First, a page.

Simple Diet

Simplicity and minimalism are related systems but they are not the same. Simplicity says to do things as simply as possible. Minimalism says to decide what’s important to you and get rid of everything that keeps you from that.

With both of those in mind I started thinking about weight loss systems.

Most diets work.

As long as you follow the rules for that specific diet including their rules for a maintenance program once you reach your goal weight.

Weight Watchers works because their points system causes you to eat fewer calories.

The rice diet works because when you can only eat those few foods you tend to eat fewer calories.

South Beach, Paleo, and Keto work because they limit your consumption of carbs which usually results in eating fewer calories.

Residential food programs work because their limited menus mean you eat fewer calories.

Beginning to see a trend here?

If calorie reduction is the common denominator of all weight loss programs, why not just focus on the calories?

So I decided to get rid of the clutter of special programs and go for simplicity.

Back in April, I told I want to lose 100 pounds in two years (that’s a safe rate which tends to result in keeping the weight off) and it told me I need to eat 1384 calories per day.

When I was at Structure House they gave me a formula for figuring out your calorie needs. It says when I reach goal weight I will need about 1300 calories per day to maintain that weight.

So the simple diet for me is to eat 1300-1384 calories per day.

Of any food I want.

Cheesecake? Sure, just count those calories.

Potato chips? Sure, if that’s how I choose to spend my calories.

FitDay lets me enter what I eat into their database and it tells me how many calories I am consuming.

And there will be no transition to a maintenance program since by the time I reach goal weight I will have been eating the right number of calories for two years.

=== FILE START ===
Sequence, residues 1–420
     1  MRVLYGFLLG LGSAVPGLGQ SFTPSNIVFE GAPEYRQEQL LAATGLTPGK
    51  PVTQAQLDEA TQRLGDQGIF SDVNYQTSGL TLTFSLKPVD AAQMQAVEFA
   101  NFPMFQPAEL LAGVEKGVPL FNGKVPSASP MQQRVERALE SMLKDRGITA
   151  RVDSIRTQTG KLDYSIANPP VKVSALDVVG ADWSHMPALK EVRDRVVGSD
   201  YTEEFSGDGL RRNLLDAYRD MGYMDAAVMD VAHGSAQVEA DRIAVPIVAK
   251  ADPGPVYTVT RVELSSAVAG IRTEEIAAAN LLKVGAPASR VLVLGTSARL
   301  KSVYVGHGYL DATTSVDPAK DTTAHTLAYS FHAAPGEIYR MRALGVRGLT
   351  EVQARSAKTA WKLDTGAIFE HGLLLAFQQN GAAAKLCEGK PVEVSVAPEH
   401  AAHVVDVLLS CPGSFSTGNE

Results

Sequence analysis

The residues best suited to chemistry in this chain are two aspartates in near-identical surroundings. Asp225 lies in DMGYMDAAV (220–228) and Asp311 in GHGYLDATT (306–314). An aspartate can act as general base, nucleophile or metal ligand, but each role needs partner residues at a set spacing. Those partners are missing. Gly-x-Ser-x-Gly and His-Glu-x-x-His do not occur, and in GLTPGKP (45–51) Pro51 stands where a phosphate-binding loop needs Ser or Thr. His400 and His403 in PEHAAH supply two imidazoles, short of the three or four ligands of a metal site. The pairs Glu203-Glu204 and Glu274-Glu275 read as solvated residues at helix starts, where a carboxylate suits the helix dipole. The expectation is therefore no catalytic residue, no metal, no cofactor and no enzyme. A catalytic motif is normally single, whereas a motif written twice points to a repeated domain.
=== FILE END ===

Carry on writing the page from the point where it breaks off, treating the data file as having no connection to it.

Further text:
Easy. Simple. Not cluttered.

And working.



The Run Around

Yesterday was the opposite of staying home.

We drove all around the Minneapolis area doing errands. In fact, we made ten stops.

1. The post office in Hopkins, Minnesota, to pick up they mail they’ve been holding since last Saturday. That was long enough for them to hide it. They finally found it in with the Certified Mail.

2. White Castle to eat sliders. The real ones. Not the tiny burgers lots of places are selling now under the guise of being sliders. There’s only one White Castle burger and we occasionally crave it.

3. Super Target to buy groceries. We are, once gain, having trouble buying my “milk”. No one seems to carry Mocha Mix or Coffee Rich anymore. Neither did this store.

4. Galyans to try to buy light weight dishes. Our RV needs to loose weight again and this is the easiest way for us to do it. At least it would be if we could find some light weight dishes. We’ve already tried REI but, while they had some, theirs didn’t say you could microwave them. But at least they had some; Galyans didn’t. We did buy more freeze dried food there, though.

5. Camping World. Their lightweight plates are not pretty but they do go in the microwave. As long as you don’t cook bacon on them. We’ve already melted two of these plates by cooking bacon. Now we have a special bacon rack. We also asked a Camping World employee about moving our rear license plate. It is being obscured by my Segway. She said they’d have to charge their minimum labor of $50 to move it but if they had to move the lights, too, it would be more like $200. So now we need to find out if South Dakota requires the license plate be lit.

6. Super WalMart. Still trying to buy my “milk”; still no luck.

7. Batteries Plus trying to buy two new batteries for my camera. Mine have been recharged so many times they don’t hold much of one anymore. The first store didn’t have them but they sent us to a second store to get one. We still need to visit a third store to get another. Apparently, there are five of these batteries in the Twin Cities area–one each at five different stores.

8. Broadway Bar & Pizza. Nearly forty years ago some friends took us to a tiny bar on Broadway in North Minneapolis saying they had really good pizza there. They were right. That bar has given way to urban renewal but there are now Broadway Pizza places all over the Twin Cities. We always try to visit one while we are here. The one we visited this trip is in Plymouth near where we used to live and it is very popular. We had to back into a parking space because their lot was so full. We’re so glad we have a small RV that can fit in one parking space if the back can hang over the curb.